Collaboration is of great importance when trying to make new scientific and medical advancements. How important is collaboration in the progress of this research?
Many of our key experiments were performed by our collaborators. Many of our ideas were generated by discussing data with collaborators. Good research is absolutely a collaborative effort. Bringing together many people with diverse expertise and exchanging ideas and skills allows for meaningful progress in research.
How might these findings be applied to treating diseases, such as an inflammatory cancer like colorectal cancer?
In colorectal cancer, inflammation driven by a type of immune cell called Th17 cells is associated with poor survival. Our study specifically found that blocking MTHFD2 not only dampens the activity of Th17 cells but confers anti-inflammatory properties to these cells. Additionally, it promotes the production of a type of anti-inflammatory immune cell called a regulatory T cell.
How has CRISPR screening impacted anti-inflammatory drug target identification, and what role do you see CRISPR having in drug discovery in the future?
CRISPR screening has made it possible to take a systematic and unbiased approach to drug target identification. We can now perform CRISPR screens in specific conditions that better predict a particular gene’s potential performance as a drug target. For example, we performed our screen in an inflammatory disease model to identify an anti-inflammatory drug target. The same paradigm works for many other applications, such as using a cancer model to identify anti-tumor drug targets.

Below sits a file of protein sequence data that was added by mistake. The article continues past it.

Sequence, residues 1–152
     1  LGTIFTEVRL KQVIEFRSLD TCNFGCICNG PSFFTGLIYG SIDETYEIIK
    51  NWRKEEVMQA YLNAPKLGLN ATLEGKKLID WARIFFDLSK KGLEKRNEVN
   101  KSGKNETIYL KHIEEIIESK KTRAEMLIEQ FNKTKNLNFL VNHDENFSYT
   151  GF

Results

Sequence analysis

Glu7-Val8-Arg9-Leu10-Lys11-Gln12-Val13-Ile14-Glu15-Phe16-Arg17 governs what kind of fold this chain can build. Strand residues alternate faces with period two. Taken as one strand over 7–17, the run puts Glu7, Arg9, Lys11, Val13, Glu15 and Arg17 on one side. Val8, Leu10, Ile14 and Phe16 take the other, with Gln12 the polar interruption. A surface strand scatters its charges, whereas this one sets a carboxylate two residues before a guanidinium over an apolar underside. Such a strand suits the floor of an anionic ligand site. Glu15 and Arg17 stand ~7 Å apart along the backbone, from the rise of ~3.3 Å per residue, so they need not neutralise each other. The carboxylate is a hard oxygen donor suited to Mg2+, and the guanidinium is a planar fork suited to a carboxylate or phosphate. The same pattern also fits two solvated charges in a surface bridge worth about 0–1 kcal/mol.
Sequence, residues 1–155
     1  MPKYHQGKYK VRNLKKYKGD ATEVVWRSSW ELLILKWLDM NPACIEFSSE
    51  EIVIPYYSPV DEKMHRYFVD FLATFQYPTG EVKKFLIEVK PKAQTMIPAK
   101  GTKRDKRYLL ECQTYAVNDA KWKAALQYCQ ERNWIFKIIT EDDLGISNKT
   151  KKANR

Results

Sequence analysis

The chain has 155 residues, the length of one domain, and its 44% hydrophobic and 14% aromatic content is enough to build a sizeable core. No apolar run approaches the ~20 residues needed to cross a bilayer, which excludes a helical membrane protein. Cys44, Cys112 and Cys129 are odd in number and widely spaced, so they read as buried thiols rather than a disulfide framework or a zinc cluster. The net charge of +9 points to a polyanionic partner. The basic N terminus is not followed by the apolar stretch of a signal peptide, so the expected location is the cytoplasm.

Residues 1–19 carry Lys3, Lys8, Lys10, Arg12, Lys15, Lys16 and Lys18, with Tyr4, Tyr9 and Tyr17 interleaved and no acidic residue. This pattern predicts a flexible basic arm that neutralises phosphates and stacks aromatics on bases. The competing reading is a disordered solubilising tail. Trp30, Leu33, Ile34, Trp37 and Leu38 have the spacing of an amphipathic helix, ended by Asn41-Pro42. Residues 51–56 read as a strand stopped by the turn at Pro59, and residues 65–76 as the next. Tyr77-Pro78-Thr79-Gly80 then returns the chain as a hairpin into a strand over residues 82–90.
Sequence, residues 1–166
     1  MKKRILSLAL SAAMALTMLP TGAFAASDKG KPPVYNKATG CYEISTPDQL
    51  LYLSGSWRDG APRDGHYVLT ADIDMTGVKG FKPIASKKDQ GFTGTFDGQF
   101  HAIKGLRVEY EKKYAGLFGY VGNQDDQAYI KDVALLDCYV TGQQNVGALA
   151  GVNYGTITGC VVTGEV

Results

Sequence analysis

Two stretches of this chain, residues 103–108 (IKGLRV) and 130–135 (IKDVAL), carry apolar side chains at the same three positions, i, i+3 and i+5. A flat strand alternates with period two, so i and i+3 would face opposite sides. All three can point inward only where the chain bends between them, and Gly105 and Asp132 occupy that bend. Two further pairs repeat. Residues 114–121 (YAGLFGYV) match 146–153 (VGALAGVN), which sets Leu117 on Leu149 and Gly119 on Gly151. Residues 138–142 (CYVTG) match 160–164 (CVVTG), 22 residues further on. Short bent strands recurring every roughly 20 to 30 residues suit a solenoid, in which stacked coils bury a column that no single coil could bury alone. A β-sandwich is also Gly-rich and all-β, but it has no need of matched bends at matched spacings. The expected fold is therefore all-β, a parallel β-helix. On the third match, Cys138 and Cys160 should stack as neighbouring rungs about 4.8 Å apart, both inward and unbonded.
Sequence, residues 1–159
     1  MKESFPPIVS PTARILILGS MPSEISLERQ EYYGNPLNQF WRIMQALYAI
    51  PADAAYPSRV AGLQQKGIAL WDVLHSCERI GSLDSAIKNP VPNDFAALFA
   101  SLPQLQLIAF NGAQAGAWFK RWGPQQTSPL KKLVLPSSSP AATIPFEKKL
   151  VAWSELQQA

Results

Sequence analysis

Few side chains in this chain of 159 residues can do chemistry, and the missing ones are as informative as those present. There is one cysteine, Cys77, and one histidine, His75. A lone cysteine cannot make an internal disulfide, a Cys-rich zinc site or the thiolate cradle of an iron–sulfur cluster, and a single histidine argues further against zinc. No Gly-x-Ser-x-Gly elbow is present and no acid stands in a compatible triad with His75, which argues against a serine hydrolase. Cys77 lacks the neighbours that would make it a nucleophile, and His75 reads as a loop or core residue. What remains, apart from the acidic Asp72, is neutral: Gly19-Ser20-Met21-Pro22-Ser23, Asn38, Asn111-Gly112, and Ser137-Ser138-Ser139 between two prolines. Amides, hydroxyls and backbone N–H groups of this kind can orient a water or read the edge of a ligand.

Historically, chemical compounds used as drugs are discovered first, and then their targets are identified. More and more, we are seeing the reverse process, where the drug targets are being identified first, and drugs specific for these targets are being designed. This gives the advantage of having better control of on-target and off-target effects.
What is next for you and your research into the identification of anti-inflammatory gene targets?
We have a wide range of projects ongoing in our lab ranging from studying cancer immunology to inflammatory and autoimmune diseases. The common theme is harnessing the power of cellular metabolic pathways to alter immune cell functions. We are applying the CRISPR screening approach to a variety of projects and hope to identify more effective gene targets for anti-tumor and anti-inflammatory therapy in different types of immune cells.
Where can readers find more information?
About Jeffrey Rathmell, PhD
Dr. Rathmell is the director of the Vanderbilt Center for Immunobiology, associate director of the Vanderbilt Institute for Infection, Immunology and Inflammation, Professor of Pathology, Microbiology and Immunology, and associate director of the Molecular Pathology & Immunology Ph.D. Program at Vanderbilt University Medical Center and Vanderbilt University School of Medicine. He holds the Cornelius Vanderbilt Chair of Immunobiology.
Dr. Rathmell studies mechanisms by which extracellular cues influence lymphocyte death and differentiation in efforts to control inflammatory diseases and leukemia. His group showed that the metabolism of T cells is highly dynamic and that specific metabolic programs are essential for each functional T cell subset. These fundamental metabolic distinctions may now allow modulation of selective populations of lymphocytes in inflammatory diseases and anti-tumor immunity.